Historically, the fact that Muslims are a business community and that trade and commerce, the most representative professions of Islam, became their principal occupation, it drove them to support political parties, which championed the cause of private enterprise and profit motive. They therefore developed a natural tendency to vote for the UNP, and were jubilant when JR won in 1977 and announced his neo-liberal open economy. All this led to a general perception in the public that Muslims are a people who eat biriyani and vote UNP. The community little realized that an open economy mixed with aggressive doses of ethno-religious nationalism would soon turn out to be a poisonous chalice that would suffocate its entrepreneurial dynamism and commercial advancement. The only leader who foresaw this danger was Badiuddin, whom the community ungratefully shunned.
The idea that only Muslims know what is best for their community and therefore that Muslims should form political parties of their own is the product of post-1979 political Islam, an outgrowth of religious awakening that engulfed Muslim societies everywhere. In Sri Lanka too, the birth of SLMC and its splinter ACMC should be viewed from that angle. The formation of these two parties was a diabolic error, though perceived by their idealogues as a lasting solution to a particular set of problems that menaced the community at a particular moment of time. Today, that moment has passed but the solution itself has become a problem. What have these parties achieved and where are they leading the community? Shouldn’t the Muslim party members in parliament who betrayed the trust placed upon them by their community and decided to vote for the 20th Amendment – apparently with consent of their leaders – to supremely empower a president, who is now on a mission to trample the democratic and human rights of Muslims and those of his opponents, be made answerable? Should Muslims continue to support these individuals and their parties and suffer in silence?
The moment the name Muslim appears in the designation of a political party, Islam enters into it automatically. The same religious prejudices as mentioned earlier would continue to be preached by their leaders. This was quite evident in the history of SLMC since its inception. The names Allah, Rasool (prophet), Quran, and Hadith were dragged on to political platforms to win votes. A secular contest was made sacred and in view of Muslim vox populi, SLMC was deemed as hizbullah or Allah’ party. Because of this sacrilege, Islam itself became the target of attack and ridicule by non-Muslim opponents. Should those opponents be blamed for this? It is time to think anew and think the unthinkable about Muslim political behaviour. Muslims should fight their political battles not as Muslims but as citizens. If political parties on the left provide better solutions to problems faced by the country, they should be given a chance to govern and translate their policies into action. Muslims as citizens should support them.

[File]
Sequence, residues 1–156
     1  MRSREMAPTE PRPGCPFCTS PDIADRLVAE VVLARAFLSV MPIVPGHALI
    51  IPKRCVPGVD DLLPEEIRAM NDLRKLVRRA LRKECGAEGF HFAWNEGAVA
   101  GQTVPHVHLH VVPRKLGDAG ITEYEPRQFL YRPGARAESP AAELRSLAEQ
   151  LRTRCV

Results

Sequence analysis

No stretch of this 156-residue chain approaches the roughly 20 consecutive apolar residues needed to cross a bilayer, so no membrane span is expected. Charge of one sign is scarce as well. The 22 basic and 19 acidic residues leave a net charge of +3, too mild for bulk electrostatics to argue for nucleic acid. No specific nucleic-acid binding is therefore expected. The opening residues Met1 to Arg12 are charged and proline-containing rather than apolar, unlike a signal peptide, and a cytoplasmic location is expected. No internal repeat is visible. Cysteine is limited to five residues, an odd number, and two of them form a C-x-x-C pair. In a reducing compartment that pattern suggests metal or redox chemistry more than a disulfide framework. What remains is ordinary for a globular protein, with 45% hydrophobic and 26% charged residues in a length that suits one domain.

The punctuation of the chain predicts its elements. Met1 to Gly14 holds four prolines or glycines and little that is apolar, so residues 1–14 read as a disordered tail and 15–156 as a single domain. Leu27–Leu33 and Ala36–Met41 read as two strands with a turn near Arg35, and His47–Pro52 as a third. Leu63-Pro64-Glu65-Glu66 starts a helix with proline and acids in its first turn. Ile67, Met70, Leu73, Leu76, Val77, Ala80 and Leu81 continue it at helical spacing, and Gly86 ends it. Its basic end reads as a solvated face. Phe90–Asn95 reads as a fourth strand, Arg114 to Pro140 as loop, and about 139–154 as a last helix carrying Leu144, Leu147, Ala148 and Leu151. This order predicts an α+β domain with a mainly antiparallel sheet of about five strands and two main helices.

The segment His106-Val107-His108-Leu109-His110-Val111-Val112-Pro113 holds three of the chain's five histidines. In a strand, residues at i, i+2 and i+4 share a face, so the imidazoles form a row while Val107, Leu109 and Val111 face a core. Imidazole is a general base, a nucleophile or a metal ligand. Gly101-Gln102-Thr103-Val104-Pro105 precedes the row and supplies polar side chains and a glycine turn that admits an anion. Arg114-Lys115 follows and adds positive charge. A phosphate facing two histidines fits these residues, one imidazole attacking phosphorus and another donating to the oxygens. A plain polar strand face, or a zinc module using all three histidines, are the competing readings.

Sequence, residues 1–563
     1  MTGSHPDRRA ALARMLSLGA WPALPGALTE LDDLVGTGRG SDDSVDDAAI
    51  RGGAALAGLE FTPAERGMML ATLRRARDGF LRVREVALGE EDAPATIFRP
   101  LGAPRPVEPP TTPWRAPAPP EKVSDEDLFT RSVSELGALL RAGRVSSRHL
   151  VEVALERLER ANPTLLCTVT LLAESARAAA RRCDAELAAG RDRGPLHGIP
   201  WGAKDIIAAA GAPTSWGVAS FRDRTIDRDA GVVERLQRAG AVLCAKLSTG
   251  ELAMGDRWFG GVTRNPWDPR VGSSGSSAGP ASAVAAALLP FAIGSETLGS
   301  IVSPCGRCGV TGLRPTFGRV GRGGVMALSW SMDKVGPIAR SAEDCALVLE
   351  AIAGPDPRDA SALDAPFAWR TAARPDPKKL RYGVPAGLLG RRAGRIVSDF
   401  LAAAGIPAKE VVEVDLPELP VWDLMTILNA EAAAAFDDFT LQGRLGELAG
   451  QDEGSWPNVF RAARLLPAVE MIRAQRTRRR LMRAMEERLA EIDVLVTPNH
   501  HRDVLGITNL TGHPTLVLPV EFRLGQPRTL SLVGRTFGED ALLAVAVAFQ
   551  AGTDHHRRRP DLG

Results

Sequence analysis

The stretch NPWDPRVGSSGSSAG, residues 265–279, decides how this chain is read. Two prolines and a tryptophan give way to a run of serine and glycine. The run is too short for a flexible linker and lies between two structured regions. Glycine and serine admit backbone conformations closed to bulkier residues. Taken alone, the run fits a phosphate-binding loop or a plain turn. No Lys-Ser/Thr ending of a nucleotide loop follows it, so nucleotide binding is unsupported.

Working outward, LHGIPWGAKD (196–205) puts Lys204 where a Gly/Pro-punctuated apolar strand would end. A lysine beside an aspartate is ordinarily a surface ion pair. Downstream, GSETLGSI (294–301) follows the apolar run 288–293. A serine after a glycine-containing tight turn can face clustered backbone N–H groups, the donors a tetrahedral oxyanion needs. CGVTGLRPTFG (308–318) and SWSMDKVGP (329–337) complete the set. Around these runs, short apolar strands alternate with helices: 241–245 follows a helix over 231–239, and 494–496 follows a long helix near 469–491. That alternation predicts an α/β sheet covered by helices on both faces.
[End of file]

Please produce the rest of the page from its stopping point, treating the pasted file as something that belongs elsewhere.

After decades of educational and professional advancement, Muslim community today has a new generation of young men and women who are intellectually sharp, politically discernible, critical minded and quite alert about events taking place in the country and around the world. If there is a political party or group that gives priority to economic and social development, relegates religion to the periphery and leave it as private affair, is prepared to consider every citizen equal before law, and guarantees them the same rights and expect from them the same obligations, then that party or group should be given a chance to govern the country. The country desperately needs a new direction. The leftists of today are not the replica of the ideologically committed leftists of yesterday. The new generation is pragmatic and flexible and desirous of designing their policies to suit the nation. Will the Muslim community think along this line and get out of its religious cocoon and change its political behaviour?
*Dr. Ameer Ali, School of Business and Governance, Murdoch University, Western Australia